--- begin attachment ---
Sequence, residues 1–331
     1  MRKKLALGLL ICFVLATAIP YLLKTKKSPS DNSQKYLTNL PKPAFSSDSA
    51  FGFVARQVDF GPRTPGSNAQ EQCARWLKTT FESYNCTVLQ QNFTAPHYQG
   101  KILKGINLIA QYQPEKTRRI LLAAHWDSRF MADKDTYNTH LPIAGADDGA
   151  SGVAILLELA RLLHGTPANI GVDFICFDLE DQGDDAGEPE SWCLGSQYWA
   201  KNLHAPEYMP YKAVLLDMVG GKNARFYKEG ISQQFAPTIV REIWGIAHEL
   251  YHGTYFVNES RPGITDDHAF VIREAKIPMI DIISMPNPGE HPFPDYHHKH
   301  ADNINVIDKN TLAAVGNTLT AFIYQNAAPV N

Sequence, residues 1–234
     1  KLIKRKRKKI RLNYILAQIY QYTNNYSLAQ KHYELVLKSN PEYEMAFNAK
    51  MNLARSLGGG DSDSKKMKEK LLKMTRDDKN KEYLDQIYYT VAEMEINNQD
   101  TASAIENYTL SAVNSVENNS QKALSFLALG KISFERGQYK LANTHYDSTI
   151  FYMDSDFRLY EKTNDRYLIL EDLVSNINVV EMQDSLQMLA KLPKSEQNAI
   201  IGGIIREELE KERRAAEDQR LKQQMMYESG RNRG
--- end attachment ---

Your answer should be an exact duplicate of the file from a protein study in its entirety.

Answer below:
Sequence, residues 1–331
     1  MRKKLALGLL ICFVLATAIP YLLKTKKSPS DNSQKYLTNL PKPAFSSDSA
    51  FGFVARQVDF GPRTPGSNAQ EQCARWLKTT FESYNCTVLQ QNFTAPHYQG
   101  KILKGINLIA QYQPEKTRRI LLAAHWDSRF MADKDTYNTH LPIAGADDGA
   151  SGVAILLELA RLLHGTPANI GVDFICFDLE DQGDDAGEPE SWCLGSQYWA
   201  KNLHAPEYMP YKAVLLDMVG GKNARFYKEG ISQQFAPTIV REIWGIAHEL
   251  YHGTYFVNES RPGITDDHAF VIREAKIPMI DIISMPNPGE HPFPDYHHKH
   301  ADNINVIDKN TLAAVGNTLT AFIYQNAAPV N

Sequence, residues 1–234
     1  KLIKRKRKKI RLNYILAQIY QYTNNYSLAQ KHYELVLKSN PEYEMAFNAK
    51  MNLARSLGGG DSDSKKMKEK LLKMTRDDKN KEYLDQIYYT VAEMEINNQD
   101  TASAIENYTL SAVNSVENNS QKALSFLALG KISFERGQYK LANTHYDSTI
   151  FYMDSDFRLY EKTNDRYLIL EDLVSNINVV EMQDSLQMLA KLPKSEQNAI
   201  IGGIIREELE KERRAAEDQR LKQQMMYESG RNRG